Victor Davis Hanson

Martin and Illie Anderson Senior Fellow
Awards and Honors:
Statesmanship Award from the Claremont Institute
(2006)
Biography: 

Victor Davis Hanson is the Martin and Illie Anderson Senior Fellow at the Hoover Institution; his focus is classics and military history.

Hanson was a National Endowment for the Humanities fellow at the Center for Advanced Studies in the Behavioral Sciences, Stanford, California (1992–93), a visiting professor of classics at Stanford University (1991–92), the annual Wayne and Marcia Buske Distinguished Visiting Fellow in History at Hillsdale College (2004–), the Visiting Shifron Professor of Military History at the US Naval Academy (2002–3),and the William Simon Visiting Professor of Public Policy at Pepperdine University (2010).

In 1991 he was awarded an American Philological Association Excellence in Teaching Award. He received the Eric Breindel Award for Excellence in Opinion Journalism (2002), presented the Manhattan's Institute's Wriston Lecture (2004), and was awarded the National Humanities Medal (2007) and the Bradley Prize (2008).

Hanson is the author of hundreds of articles, book reviews, and newspaper editorials on Greek, agrarian, and military history and essays on contemporary culture. He has written or edited twenty-three books, the latest of which is The Second World Wars (Basic Books), which was released in October 2017. His other books include The Savior Generals: How Five Great Commanders Saved Wars That Were Lost - from Ancient Greece to Iraq (Bloomsbury 2013); The End of Sparta (Bloomsbury, 2011); The Father of Us All: War and History, Ancient and Modern (Bloomsbury, 2010); Makers of Ancient Strategy: From the Persian Wars to the Fall of Rome (ed.) (Princeton, 2010); The Other Greeks (California, 1998); The Soul of Battle (Free Press, 1999); Carnage and Culture (Doubleday, 2001); Ripples of Battle (Doubleday, 2003); A War Like No Other (Random House, 2005); The Western Way of War (Alfred Knopf, 1989; 2nd paperback ed., University of California Press, 2000); The Wars of the Ancient Greeks (Cassell, 1999; paperback ed., 2001); and Mexifornia: A State of Becoming (Encounter, 2003), as well as two books on family farming, Fields without Dreams (Free Press, 1995) and The Land Was Everything (Free Press, 1998). Currently, he is a syndicated columnist for Tribune Media Services and a weekly columnist for the National Review Online.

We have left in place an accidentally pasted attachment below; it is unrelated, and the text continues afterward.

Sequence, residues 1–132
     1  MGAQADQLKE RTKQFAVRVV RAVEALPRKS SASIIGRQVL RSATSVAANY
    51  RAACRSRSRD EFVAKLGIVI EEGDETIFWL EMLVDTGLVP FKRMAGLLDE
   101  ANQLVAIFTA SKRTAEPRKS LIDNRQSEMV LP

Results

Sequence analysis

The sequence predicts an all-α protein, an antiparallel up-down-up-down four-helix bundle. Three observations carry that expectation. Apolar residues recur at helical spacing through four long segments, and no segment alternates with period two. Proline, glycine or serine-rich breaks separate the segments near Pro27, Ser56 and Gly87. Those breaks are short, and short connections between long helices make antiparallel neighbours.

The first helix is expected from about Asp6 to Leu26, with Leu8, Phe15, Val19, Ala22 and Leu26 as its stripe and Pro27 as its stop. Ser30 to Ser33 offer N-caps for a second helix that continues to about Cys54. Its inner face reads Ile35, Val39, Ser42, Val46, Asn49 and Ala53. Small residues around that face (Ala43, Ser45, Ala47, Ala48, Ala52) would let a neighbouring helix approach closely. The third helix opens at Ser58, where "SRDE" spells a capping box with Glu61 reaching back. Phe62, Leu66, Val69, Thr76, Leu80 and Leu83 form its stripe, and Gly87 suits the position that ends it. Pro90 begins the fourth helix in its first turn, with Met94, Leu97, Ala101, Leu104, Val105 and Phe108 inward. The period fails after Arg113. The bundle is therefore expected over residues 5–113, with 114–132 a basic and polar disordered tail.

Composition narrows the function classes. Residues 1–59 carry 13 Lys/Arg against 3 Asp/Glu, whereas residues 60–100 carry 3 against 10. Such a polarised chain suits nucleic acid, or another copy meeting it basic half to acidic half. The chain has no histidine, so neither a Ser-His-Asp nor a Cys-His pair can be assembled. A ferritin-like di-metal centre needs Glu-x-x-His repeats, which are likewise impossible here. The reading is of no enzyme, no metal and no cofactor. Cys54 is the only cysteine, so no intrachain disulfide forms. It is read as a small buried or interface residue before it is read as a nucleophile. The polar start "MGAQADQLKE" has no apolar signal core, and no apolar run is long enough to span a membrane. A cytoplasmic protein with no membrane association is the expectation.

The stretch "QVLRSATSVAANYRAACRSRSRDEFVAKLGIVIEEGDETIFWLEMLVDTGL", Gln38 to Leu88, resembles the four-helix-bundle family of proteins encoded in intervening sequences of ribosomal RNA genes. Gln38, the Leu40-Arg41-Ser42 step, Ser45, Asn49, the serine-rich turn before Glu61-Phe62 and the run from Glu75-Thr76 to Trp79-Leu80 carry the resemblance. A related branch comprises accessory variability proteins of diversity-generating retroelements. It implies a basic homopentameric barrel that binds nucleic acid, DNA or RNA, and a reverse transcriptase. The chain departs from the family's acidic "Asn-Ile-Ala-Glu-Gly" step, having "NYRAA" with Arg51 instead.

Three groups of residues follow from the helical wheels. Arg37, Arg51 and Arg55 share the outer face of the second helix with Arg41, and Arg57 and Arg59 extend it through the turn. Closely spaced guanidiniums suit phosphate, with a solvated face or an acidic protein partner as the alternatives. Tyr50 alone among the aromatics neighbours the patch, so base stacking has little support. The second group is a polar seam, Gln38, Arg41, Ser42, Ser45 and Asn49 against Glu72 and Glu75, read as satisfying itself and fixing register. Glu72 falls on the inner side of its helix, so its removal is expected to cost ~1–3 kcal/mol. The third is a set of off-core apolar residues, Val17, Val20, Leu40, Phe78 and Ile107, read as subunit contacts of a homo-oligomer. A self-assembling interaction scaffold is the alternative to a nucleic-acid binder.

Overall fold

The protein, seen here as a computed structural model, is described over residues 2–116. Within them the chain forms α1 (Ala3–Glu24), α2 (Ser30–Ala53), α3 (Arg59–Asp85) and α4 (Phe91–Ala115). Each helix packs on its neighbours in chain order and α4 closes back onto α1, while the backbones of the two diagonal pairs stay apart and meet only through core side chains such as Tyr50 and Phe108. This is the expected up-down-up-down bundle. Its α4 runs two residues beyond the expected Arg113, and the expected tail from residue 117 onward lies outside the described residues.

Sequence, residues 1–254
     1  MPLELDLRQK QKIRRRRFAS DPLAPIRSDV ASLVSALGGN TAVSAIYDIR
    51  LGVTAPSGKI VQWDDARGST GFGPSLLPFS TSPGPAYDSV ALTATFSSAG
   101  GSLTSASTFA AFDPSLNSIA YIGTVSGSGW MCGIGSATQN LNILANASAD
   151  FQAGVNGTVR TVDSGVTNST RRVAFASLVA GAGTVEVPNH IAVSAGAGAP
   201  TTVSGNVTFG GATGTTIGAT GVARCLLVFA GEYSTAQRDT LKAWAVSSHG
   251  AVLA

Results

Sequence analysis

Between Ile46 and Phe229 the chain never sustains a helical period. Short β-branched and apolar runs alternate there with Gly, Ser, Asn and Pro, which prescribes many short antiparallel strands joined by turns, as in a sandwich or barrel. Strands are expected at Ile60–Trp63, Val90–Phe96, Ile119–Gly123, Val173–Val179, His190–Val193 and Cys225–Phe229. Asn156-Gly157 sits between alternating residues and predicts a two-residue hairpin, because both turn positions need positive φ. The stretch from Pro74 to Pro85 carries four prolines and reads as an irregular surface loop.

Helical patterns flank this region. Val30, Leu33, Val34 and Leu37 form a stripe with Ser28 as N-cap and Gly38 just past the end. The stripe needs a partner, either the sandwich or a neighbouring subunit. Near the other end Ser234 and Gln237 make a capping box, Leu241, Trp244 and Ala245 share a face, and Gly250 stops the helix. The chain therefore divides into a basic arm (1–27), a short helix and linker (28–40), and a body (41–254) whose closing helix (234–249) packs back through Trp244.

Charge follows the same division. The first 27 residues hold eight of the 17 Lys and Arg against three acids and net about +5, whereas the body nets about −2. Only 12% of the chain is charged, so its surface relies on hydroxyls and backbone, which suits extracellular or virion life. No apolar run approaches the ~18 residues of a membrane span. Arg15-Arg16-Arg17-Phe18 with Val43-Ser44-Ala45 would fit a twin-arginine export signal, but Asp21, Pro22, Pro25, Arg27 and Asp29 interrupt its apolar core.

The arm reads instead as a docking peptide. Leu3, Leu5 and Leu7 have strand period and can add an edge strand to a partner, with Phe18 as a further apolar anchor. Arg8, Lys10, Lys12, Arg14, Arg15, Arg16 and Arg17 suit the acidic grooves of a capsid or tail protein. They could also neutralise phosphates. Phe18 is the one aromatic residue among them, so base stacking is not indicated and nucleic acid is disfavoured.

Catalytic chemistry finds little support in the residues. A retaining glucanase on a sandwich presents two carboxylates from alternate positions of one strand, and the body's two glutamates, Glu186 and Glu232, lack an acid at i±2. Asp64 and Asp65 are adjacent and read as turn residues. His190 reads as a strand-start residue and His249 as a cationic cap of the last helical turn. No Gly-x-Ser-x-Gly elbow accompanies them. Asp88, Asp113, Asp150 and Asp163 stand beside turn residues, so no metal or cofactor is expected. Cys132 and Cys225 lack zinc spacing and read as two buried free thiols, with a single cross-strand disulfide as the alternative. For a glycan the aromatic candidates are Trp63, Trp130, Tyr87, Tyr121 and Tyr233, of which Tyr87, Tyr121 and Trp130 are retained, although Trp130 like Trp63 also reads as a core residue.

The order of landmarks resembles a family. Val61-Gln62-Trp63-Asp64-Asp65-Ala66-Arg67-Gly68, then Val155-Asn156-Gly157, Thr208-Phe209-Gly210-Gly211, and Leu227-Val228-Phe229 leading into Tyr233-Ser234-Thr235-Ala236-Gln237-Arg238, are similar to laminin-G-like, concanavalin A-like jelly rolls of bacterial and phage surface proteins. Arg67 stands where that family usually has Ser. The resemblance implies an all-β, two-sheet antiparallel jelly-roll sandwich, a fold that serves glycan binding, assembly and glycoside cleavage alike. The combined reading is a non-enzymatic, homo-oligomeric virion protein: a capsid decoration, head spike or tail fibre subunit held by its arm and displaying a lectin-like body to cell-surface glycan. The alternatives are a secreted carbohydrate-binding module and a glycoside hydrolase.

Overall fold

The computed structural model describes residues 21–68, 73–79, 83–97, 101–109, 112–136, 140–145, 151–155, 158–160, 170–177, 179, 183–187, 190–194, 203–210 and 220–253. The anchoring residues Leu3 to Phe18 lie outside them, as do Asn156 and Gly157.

Hanson received a BA in classics at the University of California, Santa Cruz (1975), was a fellow at the American School of Classical Studies, Athens (1977–78), and received his PhD in classics from Stanford University (1980).

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Featured

Columbus Day: Melodrama Or Tragedy?

by Victor Davis Hansonvia National Review
Monday, October 9, 2017